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  • Rachel Welcher

Gentle Parenting

Gentle Parenting

The stethoscope is cold but you
don’t pull away, instead you
stay on the examination table
with its crinkly paper and funny smell,
but you have a tell: your eyes. I watch
how wide and focused they become -
though you are not even one - as the
doctor leans down to take your
temperature. When she checks your
ears with her sharp light, you wince
a little, but don’t try to fight the process.

Later, when we get home, an ornery smile
returns to your face, your eyes light up
as you begin to chase Ron, the cat,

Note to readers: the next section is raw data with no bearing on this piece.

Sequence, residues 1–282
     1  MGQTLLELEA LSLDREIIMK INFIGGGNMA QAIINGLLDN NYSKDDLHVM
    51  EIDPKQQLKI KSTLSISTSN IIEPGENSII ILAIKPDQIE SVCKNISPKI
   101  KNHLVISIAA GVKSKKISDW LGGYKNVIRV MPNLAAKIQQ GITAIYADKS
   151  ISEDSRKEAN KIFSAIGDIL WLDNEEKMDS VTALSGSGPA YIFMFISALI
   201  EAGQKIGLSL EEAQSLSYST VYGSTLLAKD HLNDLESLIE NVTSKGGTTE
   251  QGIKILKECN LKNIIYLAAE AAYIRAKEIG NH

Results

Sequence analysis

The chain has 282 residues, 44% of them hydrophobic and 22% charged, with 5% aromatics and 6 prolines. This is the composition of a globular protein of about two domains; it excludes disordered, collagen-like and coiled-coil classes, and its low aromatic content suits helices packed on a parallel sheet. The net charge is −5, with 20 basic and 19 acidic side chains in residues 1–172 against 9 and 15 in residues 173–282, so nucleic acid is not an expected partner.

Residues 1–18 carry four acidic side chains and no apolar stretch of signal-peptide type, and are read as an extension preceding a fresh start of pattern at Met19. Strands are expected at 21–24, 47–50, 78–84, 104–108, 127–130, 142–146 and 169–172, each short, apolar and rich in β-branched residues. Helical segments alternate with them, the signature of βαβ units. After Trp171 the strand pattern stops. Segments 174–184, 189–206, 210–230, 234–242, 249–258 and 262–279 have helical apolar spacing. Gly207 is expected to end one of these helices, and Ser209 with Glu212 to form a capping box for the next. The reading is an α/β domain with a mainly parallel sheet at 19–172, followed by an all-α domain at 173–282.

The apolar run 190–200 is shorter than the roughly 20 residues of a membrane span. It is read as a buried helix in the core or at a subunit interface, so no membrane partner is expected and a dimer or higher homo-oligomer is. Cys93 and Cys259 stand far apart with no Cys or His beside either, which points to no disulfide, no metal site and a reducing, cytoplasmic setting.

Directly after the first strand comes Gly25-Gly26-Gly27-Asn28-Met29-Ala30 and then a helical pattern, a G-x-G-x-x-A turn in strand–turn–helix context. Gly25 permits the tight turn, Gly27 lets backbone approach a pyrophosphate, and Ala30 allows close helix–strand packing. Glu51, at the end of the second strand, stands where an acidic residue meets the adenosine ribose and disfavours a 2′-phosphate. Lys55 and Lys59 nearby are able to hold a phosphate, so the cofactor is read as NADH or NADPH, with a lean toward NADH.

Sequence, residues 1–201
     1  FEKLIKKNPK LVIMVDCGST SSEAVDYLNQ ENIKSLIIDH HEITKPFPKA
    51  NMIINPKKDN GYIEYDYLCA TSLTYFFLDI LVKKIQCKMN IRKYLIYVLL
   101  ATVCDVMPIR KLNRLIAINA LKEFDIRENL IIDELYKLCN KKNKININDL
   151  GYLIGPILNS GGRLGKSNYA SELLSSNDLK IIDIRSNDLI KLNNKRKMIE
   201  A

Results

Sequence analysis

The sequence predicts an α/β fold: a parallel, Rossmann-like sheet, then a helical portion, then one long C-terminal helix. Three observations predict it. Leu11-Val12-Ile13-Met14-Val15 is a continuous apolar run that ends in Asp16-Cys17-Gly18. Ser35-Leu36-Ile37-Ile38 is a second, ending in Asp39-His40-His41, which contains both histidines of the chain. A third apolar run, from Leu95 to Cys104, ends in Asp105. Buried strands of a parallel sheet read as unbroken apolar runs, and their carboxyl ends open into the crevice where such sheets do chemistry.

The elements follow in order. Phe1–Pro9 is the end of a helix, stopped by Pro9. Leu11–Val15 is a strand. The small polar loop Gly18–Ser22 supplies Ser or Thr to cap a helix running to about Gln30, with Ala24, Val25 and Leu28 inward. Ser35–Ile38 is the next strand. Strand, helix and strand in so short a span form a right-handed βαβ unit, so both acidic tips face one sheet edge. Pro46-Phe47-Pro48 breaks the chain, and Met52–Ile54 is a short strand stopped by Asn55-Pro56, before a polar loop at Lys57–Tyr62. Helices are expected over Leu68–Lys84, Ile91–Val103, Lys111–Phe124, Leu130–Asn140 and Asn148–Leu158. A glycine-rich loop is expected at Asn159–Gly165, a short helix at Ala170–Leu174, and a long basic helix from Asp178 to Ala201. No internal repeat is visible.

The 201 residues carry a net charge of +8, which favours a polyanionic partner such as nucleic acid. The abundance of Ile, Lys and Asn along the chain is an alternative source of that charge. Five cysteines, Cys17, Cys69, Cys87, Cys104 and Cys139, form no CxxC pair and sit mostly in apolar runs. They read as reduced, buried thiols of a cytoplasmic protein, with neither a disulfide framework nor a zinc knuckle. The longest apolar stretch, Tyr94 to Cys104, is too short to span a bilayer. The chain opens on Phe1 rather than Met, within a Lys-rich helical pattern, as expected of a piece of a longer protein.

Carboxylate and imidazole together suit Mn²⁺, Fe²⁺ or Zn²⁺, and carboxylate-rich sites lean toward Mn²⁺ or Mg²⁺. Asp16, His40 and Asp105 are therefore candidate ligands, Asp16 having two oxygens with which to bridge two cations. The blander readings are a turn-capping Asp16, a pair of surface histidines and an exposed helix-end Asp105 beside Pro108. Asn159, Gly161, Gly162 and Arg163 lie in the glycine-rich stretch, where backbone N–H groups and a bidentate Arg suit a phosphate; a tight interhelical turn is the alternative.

and search for your toys. Today’s favorites
include a plastic wolf and a soft bear. You
are much too busy to care that I have to
chase you around to get you diapered
and dressed. In fact, you appear to enjoy
the breeze of autonomy, as you crawl,
half-naked, cackling and growling, across
the living room floor: a place safe enough
to test the boundaries of love. You know
that here, you can take the risk to disobey,
to run away, to push the buttons, test the
waters, and scatter your snacks all over the floor.

You lift your eyebrows, searching for my response,
dimple deepening as you smile your way to independence.
You are sugar and spice, gaining energy from
ignoring my “no, no, no,” because, at the end
of the day, you know we’ll stay. Mom won’t leave.
Dad will still tickle your toes and play. And when
you raise up your baby arms, no matter what,
we'll scoop you up, kiss your cheeks, and say:
I love everything about you.

Cover image by Kristin Brown


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